Last January, we previewed how mobile G-Sync might perform on an Asus G751JY laptop that wasn’t fully certified for the feature but supported it well enough to give us a taste of what G-Sync could deliver. Today, we’re revisiting the topic, armed with a fully certified Asus G751JY-DB72. This system is nearly identical to the G751JY that we tested earlier this year, but with a handful of upgrades. Specifically, the G751JY-DB72 uses a Core i7-4720HQ CPU, 24GB of DDR3, a 256GB SSD, and a backup 1TB HDD for conventional mass storage. The system still uses a GTX 980M (4GB of RAM) and a 1,920-by-1,080, 17.3-inch screen.
At $ 1999 from Asus, it’s not a cheap laptop, but it’s one of the nicest and best-balanced systems I’ve ever tested. Because mobile G-Sync is a big enough feature to warrant its own treatment, we’re going to discuss the laptop’s performance and capabilities in a separate piece. For now, it’s enough to say that this is one of the best boutique laptops I’ve ever tested, even if the base model debuted a year ago.
How mobile G-Sync works
Mobile and desktop G-Sync accomplish the same goal, but they achieve it in different ways. Nvidia’s desktop G-Sync displays rely on a separate, Nvidia-built scaler unit. This scaler controls the monitor’s timing and synchronizes the display’s output with the video card. In 2013, when Nvidia debuted G-Sync, its custom scaler technology was the only way to achieve this kind of synchronization in a desktop display. That’s since changed with the launch of the VESA-backed Adaptive Sync standard (AMD calls its own implementation FreeSync). Laptops, however, don’t require custom scaler hardware — the ability to synchronize refresh rates is part of the embedded DisplayPort specification that both AMD and Nvidia use.
In order to qualify for the mobile G-Sync moniker, Nvidia requires laptop manufacturers to prove that their hardware meets certain standards. We don’t know all the details on what panels need to have, but we do know that they must support variable overdrive. Nvidia has stated that it works with ODMs to ensure that the G-Sync implementations in each laptop are tuned to the specifications of the underlying panels.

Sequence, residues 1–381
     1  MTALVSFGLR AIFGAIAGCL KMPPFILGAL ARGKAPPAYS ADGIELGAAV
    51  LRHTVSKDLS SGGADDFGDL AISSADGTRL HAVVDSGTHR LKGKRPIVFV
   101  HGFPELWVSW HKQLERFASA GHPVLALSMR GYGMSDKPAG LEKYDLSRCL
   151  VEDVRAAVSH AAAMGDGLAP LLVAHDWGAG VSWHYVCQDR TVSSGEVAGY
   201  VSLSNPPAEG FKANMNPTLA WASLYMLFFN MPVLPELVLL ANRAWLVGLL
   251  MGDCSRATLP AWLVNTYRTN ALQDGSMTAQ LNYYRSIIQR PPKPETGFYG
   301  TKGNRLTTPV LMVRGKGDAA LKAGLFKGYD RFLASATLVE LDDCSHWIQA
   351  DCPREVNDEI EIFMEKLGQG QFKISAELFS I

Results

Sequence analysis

As the name implies, variable overdrive allows the display to decrease pixel ghosting by anticipating what color a pixel may need to be on the next refresh cycle and adjusting voltage accordingly. Nvidia has noted that this could result in a slight decrease in color accuracy in some conditions, but the net result should still be improved color reproduction.
G-Sync: A Goldilocks solution:
Now that we’ve covered the basics of how mobile G-Sync works, let’s talk about its specific implementation in the Asus G751JY. This laptop uses a 75Hz panel, which is important to know, because it specifies the maximum refresh speed at which G-Sync can operate. If you have a 75Hz panel and your game is kicking out a steady 200 FPS, G-Sync disables automatically and the game will switch to either V-Sync on or off. By default, NV switches to V-Sync on, since this is much less jarring then the sudden appearance of tearing, but if you prefer to disable V-Sync when the frame rate exceeds 75 FPS, you can specify that at the control panel.
This might seem less-then ideal, since gamers are typically taught to prefer high frame rates, but the relative advantage of faster FPS is subject to diminishing marginal returns. The higher the frame rate, the less visible a missed frame is.
If the frame rate falls below a certain level, however, G-Sync can run into another problem. While it doesn’t shut off due to low FPS, the GPU will automatically interpolate and insert multiple frames to smooth playback. If performance is relatively steady, this is an excellent way to smooth the game without impacting playability. If the frame rate is changing significantly from moment to moment, however, some frames will end up repeated and some will not.
PC Perspective wrote an excellent report on how FreeSync and G-Sync handle low frame rates. The graph below shows how G-Sync inserts additional frames, boosting the refresh rate as a result.
As the frame rate fluctuates, the number of frames G-Sync injects to smooth presentation can vary as well. While the end result can still be superior to not having G-Sync on at all, a variable frame rate below ~35 FPS doesn’t produce the buttery smoothness that Adaptive Sync and G-Sync provide at higher refresh rates.
This ideal window is why we call G-Sync (and Adaptive Sync) a Goldilocks solution. Both technologies work best when your frame rate is neither too high nor too low. In this case, users should target an average consistent frame rate between 40 and 60 FPS.
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